The Swiss greeting card publisher ABC has launched a brand-new series presenting an original art style on an innovative paper medium. The series, entitled ‘Natura’, contains 32 cards that showcase vibrant flower designs on grass paper.
ABC’s greeting card range consists of nearly 3,000 different designs. Every year the family-owned company, founded in 1905, adds themes that they develop from new trends or their customers’ needs. Most importantly, ABC wishes to make a positive contribution to society.
‘In these times of climate change and a global pandemic, we wanted to develop an environmentally friendly card series with expressive and colourful images to delight our fellow humans’, said Roland Tschanz, managing director of ABC. EcoLine Grass paperboard, made from recycled and grass fibres, was therefore chosen for the card and envelope of this new series. ABC consciously decided not to use a transparent foil wrap.
ABC engaged Anne Pryor, an internationally renowned artist from Minneapolis, to create the exclusive flower designs. The artist, who describes herself as a soul painter, drips vibrant colours mixed with essential oils such as myrrh and patchouli onto paper or other media. She then uses a metal straw to blow the colours into floral and other shapes. Anne calls her style ‘lovitude’, a term derived from the words ‘love’ and ‘gratitude’.
‘It was an exciting challenge to print and convert this new style of paper. Thanks to our long experience in print production, we have achieved an impressive print result. In fact, it was the natural look and feel of this paper that initially attracted us to it’, said Harry Steiner, production manager at ABC. Indeed, the card producer’s printing skills bring the flowers and colourful designs to life on the grass paper. Each card is also embellished with a touch of gold foil to emphasise the various occasions represented by the cards.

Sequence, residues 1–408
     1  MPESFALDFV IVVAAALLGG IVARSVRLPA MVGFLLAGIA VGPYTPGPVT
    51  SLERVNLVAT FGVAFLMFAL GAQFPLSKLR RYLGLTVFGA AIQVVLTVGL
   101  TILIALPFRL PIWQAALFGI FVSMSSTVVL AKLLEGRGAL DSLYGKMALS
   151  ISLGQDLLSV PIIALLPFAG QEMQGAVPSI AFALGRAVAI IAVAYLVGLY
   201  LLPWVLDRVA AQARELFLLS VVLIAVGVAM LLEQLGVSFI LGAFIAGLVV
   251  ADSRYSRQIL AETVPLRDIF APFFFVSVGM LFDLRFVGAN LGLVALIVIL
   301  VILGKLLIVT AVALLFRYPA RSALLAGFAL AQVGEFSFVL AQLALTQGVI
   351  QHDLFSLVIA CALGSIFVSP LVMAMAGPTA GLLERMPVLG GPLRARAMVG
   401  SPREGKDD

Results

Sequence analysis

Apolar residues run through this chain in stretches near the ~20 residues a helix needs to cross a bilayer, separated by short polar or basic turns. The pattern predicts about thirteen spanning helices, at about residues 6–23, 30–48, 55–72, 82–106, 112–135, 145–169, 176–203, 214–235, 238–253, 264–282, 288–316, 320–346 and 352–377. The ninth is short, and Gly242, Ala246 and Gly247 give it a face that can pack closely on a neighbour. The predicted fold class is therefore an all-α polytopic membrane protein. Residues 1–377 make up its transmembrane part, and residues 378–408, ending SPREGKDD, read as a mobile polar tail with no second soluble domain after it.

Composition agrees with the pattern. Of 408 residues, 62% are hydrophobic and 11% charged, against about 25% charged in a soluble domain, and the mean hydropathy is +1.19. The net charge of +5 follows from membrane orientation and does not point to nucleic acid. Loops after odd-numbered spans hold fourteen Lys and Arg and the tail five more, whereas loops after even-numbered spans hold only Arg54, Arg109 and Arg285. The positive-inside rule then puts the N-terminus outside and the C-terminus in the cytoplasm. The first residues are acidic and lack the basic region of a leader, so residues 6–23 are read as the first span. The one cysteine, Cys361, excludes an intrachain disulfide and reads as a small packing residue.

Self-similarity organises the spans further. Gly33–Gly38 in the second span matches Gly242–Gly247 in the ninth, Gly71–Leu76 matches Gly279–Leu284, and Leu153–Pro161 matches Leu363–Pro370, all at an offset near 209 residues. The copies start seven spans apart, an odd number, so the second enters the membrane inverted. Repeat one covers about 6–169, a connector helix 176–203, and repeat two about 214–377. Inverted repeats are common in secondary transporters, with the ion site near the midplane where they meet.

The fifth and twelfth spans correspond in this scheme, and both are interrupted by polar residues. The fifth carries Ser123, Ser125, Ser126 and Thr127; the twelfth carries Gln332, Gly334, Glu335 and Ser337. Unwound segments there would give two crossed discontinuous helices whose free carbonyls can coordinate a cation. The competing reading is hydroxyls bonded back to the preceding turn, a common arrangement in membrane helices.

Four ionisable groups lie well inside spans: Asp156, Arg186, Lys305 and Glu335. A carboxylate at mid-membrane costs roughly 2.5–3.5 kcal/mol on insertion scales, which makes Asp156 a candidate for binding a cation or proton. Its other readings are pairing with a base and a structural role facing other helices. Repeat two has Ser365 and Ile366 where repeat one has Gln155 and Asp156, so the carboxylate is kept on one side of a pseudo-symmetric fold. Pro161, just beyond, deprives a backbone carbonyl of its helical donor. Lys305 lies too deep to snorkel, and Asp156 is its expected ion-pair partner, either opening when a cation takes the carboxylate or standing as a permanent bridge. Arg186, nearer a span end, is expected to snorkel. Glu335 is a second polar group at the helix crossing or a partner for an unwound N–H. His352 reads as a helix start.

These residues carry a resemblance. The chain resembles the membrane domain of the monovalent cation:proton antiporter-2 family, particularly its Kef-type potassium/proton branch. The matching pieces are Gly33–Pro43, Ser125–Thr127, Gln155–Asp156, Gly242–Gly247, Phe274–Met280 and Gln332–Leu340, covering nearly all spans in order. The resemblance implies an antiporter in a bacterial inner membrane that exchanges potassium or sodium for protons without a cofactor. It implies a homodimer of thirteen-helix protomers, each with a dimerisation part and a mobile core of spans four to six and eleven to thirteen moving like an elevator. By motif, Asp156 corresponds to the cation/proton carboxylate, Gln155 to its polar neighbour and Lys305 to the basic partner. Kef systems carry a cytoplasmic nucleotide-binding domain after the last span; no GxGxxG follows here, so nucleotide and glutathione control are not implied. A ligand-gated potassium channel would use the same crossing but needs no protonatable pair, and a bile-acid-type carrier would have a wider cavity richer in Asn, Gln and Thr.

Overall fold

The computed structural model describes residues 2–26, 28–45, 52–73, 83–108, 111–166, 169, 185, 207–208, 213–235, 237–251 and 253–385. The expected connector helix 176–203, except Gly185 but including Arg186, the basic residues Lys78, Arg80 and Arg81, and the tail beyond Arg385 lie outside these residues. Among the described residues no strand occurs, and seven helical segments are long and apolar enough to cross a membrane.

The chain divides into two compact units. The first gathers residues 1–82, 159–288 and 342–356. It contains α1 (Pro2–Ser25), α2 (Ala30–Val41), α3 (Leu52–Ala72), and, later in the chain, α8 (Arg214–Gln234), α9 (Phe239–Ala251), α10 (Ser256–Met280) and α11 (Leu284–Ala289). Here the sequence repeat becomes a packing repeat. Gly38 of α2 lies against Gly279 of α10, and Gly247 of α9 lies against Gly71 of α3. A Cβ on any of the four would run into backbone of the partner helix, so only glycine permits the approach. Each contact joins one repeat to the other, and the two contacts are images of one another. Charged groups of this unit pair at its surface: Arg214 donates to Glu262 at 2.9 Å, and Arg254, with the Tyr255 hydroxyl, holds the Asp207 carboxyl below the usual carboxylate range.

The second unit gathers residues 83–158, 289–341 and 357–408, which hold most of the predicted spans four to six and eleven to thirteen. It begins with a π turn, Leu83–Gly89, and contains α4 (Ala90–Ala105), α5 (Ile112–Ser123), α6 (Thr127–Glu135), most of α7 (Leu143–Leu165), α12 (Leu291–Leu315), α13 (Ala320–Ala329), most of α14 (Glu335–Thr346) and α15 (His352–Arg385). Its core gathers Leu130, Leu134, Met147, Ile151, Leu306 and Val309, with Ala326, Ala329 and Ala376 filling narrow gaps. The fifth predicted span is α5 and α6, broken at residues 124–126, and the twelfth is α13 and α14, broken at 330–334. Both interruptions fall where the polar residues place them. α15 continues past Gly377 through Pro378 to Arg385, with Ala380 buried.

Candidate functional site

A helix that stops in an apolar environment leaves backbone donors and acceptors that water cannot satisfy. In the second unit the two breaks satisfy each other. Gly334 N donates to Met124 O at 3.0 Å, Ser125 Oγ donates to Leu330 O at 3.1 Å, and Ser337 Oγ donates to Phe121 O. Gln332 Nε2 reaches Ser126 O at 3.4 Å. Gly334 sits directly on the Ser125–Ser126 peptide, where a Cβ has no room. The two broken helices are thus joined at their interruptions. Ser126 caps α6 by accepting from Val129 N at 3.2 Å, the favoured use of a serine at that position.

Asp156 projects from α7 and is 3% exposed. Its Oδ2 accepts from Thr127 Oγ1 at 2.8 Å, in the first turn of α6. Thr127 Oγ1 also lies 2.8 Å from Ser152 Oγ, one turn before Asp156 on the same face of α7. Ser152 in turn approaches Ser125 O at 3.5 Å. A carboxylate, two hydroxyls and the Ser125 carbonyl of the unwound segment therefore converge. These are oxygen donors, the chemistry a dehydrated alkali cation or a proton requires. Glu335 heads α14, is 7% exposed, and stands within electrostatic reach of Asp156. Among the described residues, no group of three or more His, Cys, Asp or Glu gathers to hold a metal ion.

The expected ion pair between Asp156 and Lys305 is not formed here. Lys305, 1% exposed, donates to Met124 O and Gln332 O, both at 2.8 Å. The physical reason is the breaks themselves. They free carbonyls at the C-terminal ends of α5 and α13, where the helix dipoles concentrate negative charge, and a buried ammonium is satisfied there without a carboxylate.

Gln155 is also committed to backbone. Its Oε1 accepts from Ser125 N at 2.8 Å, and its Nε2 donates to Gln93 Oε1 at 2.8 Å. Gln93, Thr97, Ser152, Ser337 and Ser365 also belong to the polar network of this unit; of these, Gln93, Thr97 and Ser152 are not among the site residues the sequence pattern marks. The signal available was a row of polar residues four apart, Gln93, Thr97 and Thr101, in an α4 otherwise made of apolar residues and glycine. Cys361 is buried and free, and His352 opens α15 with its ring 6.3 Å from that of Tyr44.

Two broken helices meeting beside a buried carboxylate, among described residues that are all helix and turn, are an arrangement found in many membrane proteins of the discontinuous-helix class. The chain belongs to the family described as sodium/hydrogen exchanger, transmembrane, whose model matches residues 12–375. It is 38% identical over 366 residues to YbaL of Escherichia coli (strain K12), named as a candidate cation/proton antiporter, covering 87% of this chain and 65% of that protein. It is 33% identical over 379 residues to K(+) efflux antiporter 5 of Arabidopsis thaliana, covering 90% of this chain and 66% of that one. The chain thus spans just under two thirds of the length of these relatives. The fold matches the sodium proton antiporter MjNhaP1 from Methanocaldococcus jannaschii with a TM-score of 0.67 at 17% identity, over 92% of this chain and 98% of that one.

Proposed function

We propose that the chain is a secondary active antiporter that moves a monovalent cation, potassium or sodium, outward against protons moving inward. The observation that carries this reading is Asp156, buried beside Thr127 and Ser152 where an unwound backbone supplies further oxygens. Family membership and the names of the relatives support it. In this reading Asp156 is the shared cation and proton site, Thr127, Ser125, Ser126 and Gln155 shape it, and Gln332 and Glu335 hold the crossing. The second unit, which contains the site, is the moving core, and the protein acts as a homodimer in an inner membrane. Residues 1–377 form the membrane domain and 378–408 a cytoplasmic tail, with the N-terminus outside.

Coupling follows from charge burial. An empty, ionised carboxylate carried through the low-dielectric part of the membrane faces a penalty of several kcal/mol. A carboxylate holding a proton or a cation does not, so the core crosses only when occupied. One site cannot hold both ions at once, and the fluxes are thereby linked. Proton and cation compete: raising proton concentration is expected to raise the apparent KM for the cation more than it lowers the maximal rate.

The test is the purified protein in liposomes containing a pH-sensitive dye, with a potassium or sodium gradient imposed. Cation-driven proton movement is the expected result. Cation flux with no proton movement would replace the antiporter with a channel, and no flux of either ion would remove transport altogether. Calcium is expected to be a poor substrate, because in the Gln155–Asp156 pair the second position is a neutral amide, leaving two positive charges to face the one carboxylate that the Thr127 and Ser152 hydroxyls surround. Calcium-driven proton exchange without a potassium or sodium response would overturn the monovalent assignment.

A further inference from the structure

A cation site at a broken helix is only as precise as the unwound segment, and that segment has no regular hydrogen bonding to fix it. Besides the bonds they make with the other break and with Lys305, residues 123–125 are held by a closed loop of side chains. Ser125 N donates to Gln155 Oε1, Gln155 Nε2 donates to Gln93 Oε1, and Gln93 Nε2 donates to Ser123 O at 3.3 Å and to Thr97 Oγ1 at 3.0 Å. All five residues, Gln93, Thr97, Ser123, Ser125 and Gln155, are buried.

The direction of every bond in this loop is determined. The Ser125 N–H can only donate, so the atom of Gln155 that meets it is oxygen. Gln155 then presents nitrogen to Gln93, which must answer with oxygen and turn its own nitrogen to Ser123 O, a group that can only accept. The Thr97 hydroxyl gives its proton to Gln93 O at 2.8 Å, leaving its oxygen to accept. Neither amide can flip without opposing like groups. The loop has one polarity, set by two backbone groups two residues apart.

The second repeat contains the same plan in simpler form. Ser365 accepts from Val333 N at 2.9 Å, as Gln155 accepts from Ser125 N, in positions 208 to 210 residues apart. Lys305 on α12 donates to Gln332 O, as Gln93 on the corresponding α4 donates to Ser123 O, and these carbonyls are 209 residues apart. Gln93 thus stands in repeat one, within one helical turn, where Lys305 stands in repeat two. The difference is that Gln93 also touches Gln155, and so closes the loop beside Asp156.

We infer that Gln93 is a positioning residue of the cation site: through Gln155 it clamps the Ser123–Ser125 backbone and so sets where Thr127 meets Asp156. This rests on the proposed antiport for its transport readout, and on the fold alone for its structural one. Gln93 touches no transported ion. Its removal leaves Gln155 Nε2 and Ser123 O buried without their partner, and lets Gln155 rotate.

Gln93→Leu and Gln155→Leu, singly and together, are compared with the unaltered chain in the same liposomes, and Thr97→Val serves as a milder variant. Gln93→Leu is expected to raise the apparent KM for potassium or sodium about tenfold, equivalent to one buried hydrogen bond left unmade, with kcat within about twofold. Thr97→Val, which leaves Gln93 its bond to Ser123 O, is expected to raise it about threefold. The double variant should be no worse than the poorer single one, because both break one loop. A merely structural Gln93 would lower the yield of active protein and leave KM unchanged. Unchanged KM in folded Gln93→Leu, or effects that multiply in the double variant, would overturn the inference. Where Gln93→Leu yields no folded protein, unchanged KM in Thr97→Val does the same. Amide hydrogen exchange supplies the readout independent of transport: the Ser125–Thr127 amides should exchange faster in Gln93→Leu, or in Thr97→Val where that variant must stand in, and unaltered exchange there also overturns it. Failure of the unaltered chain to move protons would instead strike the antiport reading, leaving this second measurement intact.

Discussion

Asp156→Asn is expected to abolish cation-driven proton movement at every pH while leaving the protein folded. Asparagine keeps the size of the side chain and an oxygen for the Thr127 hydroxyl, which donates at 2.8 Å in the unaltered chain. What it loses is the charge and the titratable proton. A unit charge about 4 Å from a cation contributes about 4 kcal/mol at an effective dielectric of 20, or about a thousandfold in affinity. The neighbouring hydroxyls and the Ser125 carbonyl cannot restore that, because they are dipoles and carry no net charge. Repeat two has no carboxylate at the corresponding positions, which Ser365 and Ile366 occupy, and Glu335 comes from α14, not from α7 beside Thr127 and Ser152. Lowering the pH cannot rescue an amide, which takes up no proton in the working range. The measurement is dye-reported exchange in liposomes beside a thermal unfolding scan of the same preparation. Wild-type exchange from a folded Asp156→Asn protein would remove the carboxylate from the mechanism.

To produce this special paper, grass from fallow land and compensation areas based as locally as possible to the paper mill is used. These pastures grow naturally, as no fertiliser is used. To protect biodiversity, they are not mown until the end of June, as stipulated by law. No pasture destined for animal feed is used.
The grass is sun-dried in the field, then shredded and compressed into pellets, which facilitates transport to and storage in the paper mill. Prior to pumping the paper pulp onto the machine, the pellets are poured, along with wastepaper and water, into a huge mixing trough, known as a pulper. There is a pleasant smell of hay and freshly mown grass in the air during the paper production. However, those who suffer from allergies do not need to worry, as possible allergens are inhibited during the paper-drying process.